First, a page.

Thursday, March 30, 2006

Two Curious Assertions in Current Immigration Policy Debate

There are strong feelings on all sides of the immigration debate happening in America today.

I frankly haven't formed opinions on the various proposals currently before Congress...and wouldn't express them here even if I had.

But this week, I have found myself scratching my head at statements made by people with strong views on immigration policy.
Mr. Mehlman was asked about the position taken by Los Angeles-based Cardinal Mahoney and the Roman Catholic Church in this country. That body has said that it deems it wrong for America to turn immigrants away. Said Mehlman (with the curious assertions italicized):
Cardinal Mahoney and these religious leaders are essentially asking us to give charity with other people's resources. They are saying to people: We're sorry. We think there are people on the other side of the border who have a case that is more compelling, and we're going to ask you to sacrifice your job, or part of your wages, or your children's education.

There is no religious or ethical system that permits you to give charity with other people's resources. If the church wants to give charity with its own resources, that's one thing.

But when they start telling other people within the community, you know, "We're sorry; you're no longer going to be to work as a contractor in the city because there are 20 people waiting in the parking lot at Home Depot who are prepared to do that job for half the price."

Then they're giving charity with somebody else's resources. That's not moral, and that's not ethical.

Agree with the stance taken by the Roman Catholic Church on this matter or not, they're not engaged in some nefarious plan to spend "somebody else's resources."

The Church is simply participating in a societal debate, just as Mr. Mehlman is.

And, just like Mr. Mehlman, Roman Catholic citizens pay taxes. They don't intend to spend other people's money. They're talking about how Washington spends their money.

They're saying, just like the advocates of other causes--be it tax relief for investors, NASA missions to Mars, the war on Iraq, or whatever, "This is what we think the policy should be; this is how we think federal dollars should be spent."

They have as much right to do that without having some childish or nefarious motives ascribed to them as anyone else.

I'm no fan of Church engagement in politics. If the Church is lobbying Congress on this issue, it's possible that it's violating 501c3 laws. That would be wholly different from speaking out on a public issue out of pastoral or prophetic concern.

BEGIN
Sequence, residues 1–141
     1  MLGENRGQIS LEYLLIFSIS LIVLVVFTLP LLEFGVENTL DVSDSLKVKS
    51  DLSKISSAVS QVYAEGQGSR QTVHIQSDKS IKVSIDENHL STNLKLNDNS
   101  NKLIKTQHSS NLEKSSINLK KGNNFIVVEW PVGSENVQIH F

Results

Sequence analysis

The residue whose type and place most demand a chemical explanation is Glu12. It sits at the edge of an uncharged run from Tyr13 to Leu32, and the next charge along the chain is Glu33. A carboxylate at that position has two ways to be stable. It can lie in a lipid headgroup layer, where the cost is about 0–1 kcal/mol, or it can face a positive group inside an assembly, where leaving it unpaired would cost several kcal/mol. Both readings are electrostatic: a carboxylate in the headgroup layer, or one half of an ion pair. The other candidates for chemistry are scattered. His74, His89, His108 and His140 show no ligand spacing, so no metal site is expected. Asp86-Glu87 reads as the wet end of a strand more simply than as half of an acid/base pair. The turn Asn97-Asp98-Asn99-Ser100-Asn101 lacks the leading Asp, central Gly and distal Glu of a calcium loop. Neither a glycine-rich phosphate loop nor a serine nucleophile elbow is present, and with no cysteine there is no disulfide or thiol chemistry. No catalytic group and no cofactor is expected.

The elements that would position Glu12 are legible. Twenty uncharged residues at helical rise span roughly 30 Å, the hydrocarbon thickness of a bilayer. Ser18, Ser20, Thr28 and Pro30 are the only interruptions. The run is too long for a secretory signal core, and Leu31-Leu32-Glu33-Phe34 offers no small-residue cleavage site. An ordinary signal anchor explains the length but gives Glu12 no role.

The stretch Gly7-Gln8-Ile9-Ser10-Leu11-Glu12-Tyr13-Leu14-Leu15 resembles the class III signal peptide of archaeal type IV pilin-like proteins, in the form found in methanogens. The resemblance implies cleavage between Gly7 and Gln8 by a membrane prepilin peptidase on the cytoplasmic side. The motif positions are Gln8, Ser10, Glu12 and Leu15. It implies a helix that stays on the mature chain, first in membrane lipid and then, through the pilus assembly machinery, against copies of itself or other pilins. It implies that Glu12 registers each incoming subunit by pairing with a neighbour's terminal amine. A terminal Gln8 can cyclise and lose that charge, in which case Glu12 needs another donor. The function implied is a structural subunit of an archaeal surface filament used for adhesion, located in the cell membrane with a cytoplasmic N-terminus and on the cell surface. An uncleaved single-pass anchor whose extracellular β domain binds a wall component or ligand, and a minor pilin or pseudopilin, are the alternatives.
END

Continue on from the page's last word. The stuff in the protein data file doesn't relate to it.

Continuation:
Be that as it may, when people oppose a stance taken by a Church body, they're under still obliged to make sense. Mr. Mehlman didn't make sense on Monday.
  • But I find the arguments of those favoring amnesty and a fast-track to citizenship strange, too. The argument seems to be: People need to milk the American cash cow; so, let's make them citizens.
This is part of a bigger problem that we have in America today. Americans appear to suffer from a misunderstanding about who we are and what we're about. We're losing a sense of something that is very real: American Exceptionalism.

The United States has never been simply an economic entity. To define America economically is to insult those who have lost their lives in the cause of American nationhood. Doing so ignores the ideas and ideals which have fashioned our country.

Historically, when Americans have talked about freedom, they've meant a lot more than the freedom to work a job or pile up cash. They've meant the freedom to speak, to worship, to vote, to live in peace with one's neighbor, to choose one's own job path.

The term, The American Dream, wasn't coined to describe the lust for money. The American Dream is about enjoying freedom within a community of mutual respect.

Sadly, Americans who have lived here their whole lives have come to identify the American Dream in crass economic terms. So, it should come as no surprise when citizenship is economically defined, as is happening in the immigration debate.

Nor should it surprise us that students who see America as nothing but a cash cow should show contempt for this country by hoisting the US flag upside down. We all need to pay attention to our History before we lose sight of what this country is really about!

[For more on The American Dream, see here, here, here, and here.]


Icepick said...

Re; Mehlman's Roman Catholic Church argument.

I haven't heard Mehlman's interview, nor have I read the transcript. However, based on what you have quoted I don't think Mehlman is realy claiming nefarious motives for the RCC.

He is pointing out that the RCC's position entails certain economic costs to be borne not by the RCC (and its members), but by society at large. And he seems miffed by the idea that a church wants to use the force of government to get its way with his money.

While I'm somewhat ambivalent about the immigration question, I sympathize with Mehlman's reaction to the RCC position. (And from your post it appears that this is something that the interviewer asked Mehlman, and not something he volunteered.)